Jeremy’s Graduation Speech

Some people have written to me to say that Jeremy’s graduation speech is difficult for them to understand on the U-Tube video, so here is a transcript:

I have spent seven years at Torrey Pines High School.

Three years ago, I walked the graduation ceremony. Today I walk the same path, in the same cap and gown, but I have now earned my academic diploma.

My education at Torrey Pines has been my greatest achievement. I was once diagnosed autistic and severely retarded. When I arrived at Torrey Pines, I could not communicate and I spent my days in a class for the severely handicapped. Now I am going to college. I am writing a book about my life. I have become an inspiration nationally to many parents and educators of children with autism.

My story is like Helen Keller’s, the deaf, mute, and blind girl. Helen Keller had a teacher, Anne Sullivan, who taught her and took her out of isolation. My first great teacher was my mom, then the high school teachers.

My favorite story about Torrey Pines is when my teacher, Allan Gustafson, realized for the very first time that I understood everything. He was really trying to learn how to communicate with me. He said “Jeremy, I know you are in there somewhere. I can’t know what you are capable of unless you tell me.” I looked at him and saw tears in his eyes. I really wanted to make him happy. My nice teacher continued to try and reach me. He said, “Give me a sign.” I looked at him and spelled with him for the first time. Great teacher Allan was so happy.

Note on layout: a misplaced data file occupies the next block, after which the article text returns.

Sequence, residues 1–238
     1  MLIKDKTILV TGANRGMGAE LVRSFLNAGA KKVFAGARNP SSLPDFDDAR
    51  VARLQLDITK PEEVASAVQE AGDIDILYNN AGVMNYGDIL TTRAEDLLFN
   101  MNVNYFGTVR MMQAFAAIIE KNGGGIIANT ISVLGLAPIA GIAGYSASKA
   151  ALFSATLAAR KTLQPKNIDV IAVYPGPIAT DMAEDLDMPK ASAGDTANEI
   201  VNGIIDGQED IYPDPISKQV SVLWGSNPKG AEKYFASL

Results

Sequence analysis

The teachers here gave me good advice on more than just the subjects they taught. They understood that I might be different on the outside, but that on the inside I was just like any other student. Other important people include the ladies in the administration building who always said “hi” to me, and told me they were happy to see me. My speech teacher, Dr. Palmer, was nice, even if she tried to convince me to become a Republican. An exciting memory from this campus is when an MTV camera crew followed me around campus for the show, True Life: “I Have Autism”.

I would like to thank Bruce Cochrane, Director of Pupil Services, for the chance he took and the faith he had in me. I would like to thank the administrators, the school staff, the educators, (including Maureen and Janine), for allowing my voice to be heard. Without you, my life would still be imprisoned in darkness.

Nicely I wish I had made more friends from my years here. Being autistic, that is the hardest part. It is important to include all students in general education classes so they can be with their peers.

When Helen Keller grew up, she graduated from college, became an author, and an advocate for people with disabilities. I hope to do the same.

My real message to you today is:

Teachers, never underestimate your students no matter how disabled they may appear or what difficulties they face.

Parents, believe in your children and encourage them to fulfill their dreams.

Students, give yourself the power to hear the voice inside telling you that you can create the life you dream of. Believe in yourself, and never allow anyone to discourage you.